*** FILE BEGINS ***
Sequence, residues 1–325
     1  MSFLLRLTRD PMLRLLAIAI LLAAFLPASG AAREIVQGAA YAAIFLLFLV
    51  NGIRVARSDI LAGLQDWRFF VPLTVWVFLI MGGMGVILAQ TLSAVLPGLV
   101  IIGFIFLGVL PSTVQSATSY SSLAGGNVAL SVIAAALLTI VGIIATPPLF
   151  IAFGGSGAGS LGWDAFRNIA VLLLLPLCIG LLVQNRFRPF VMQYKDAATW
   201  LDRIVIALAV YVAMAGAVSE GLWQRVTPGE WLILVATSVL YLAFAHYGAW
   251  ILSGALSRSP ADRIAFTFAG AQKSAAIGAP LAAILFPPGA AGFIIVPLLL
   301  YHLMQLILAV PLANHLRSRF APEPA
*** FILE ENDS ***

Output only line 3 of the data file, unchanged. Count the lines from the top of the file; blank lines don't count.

    51  NGIRVARSDI LAGLQDWRFF VPLTVWVFLI MGGMGVILAQ TLSAVLPGLV